Click through to find out how it works and what this chart means.
We love this great infographic that tells you how music affects learning! Some of the visuals provide surprising information like how it’s much better to study to music without repetition as three or four rhythm repetitions may cause the mind to shut down.
"The daily experience of the self is so familiar, and yet the brain science shows that this sense of the self is an illusion. Psychologist Susan Blackmore makes the point that the word ‘illusion’ does not mean that it does not exist — rather, an illusion is not what it seems. We all certainly experience some form of self, but what we experience is a powerful depiction generated by our brains for our own benefit."
"The truth is that everything you do changes your brain. Everything. Every little thought or experience plays a role in the constant wiring and rewiring of your neural networks. So there is no escape. Yes, the internet is rewiring your brain. But so is watching television. And having a cup of tea. Or not having a cup of tea. Or thinking about the washing on Tuesdays. Your life, however you live it, leaves traces in the brain."
Tom Stafford, writing about the anxiety surrounding brain attention spans in the age of the internet.
In short, everything you do changes your brain in some way. It’s better to approach these new cognitive challenges with an even keel, and not through the lens of technophobia.
A must read for fans of the brain and the internet, which you all clearly are (or else you wouldn’t be reading this).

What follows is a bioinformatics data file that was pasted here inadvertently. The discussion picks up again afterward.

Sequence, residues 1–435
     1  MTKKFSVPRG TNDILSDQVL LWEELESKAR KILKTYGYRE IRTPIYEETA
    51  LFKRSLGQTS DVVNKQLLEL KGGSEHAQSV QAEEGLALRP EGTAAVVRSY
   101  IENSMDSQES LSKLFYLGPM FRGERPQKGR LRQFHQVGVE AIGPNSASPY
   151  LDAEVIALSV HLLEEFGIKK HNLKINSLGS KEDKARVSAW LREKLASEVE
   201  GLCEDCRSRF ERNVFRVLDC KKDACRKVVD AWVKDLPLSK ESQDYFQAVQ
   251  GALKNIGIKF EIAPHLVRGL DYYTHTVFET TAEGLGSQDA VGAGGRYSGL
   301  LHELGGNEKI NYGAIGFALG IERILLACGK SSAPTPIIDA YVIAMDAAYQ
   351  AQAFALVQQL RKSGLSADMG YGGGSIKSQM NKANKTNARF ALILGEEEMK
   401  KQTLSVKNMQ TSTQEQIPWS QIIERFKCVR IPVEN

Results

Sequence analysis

Given a book of matches, a box of thumbtacks, and a candle, how can you fix the candle to the wall so that its wax won’t drip onto the table below?
See Answer Below
Pin the box to the wall, put the candle in the box, and light it.
In experiments, Gestalt psychologist Karl Duncker found that most subjects instead tried to pin the candle directly to the wall or to use melted wax to affix it there (neither worked). Duncker called this “functional fixedness” — a “mental block against using an object in a new way that is required to solve a problem.” In this case, subjects had “fixated” on the box’s function as a container, which prevented them from considering it as a platform. If the box was empty at the start of the experiment, they were more likely to find the correct solution.
In a 2000 study, psychologists Tim German and Margaret Defeyter found the 6- and 7-year-olds show signs of functional fixedness, but 5-year-olds appear immune to it: “Rather than taking into account only the properfunction of an object, they adopt and agents-goals view of function in which any intentional use of an object can be its function.”
Many presenters try to cram as much information and data into their presentation as the time permits. We’ve assumed that content covered means content learned. We’ve also assumed that if we cover more content, the listener learns more.
Wrong! The amount of learning directly aligns to the amount of thinking and reflection. We need to create more white space (time for the learner to think) and less pushing of content. The more the learner is allowed to reflect, the more they learn.
5. Images trump words.
We remember images. We forget words. Why? 50%-80% of our brain’s natural processing power is devoted to processing sight. That’s more than all of our other senses. We actually see with our brains, not our eyes. Likewise, when we hear a word, our brain translates it into an image.
"Air Force researchers were delighted recently to learn that they could cut training time in half by delivering a mild electrical current (two milliamperes of direct current for 30 minutes) to pilot’s brains during training sessions on video simulators."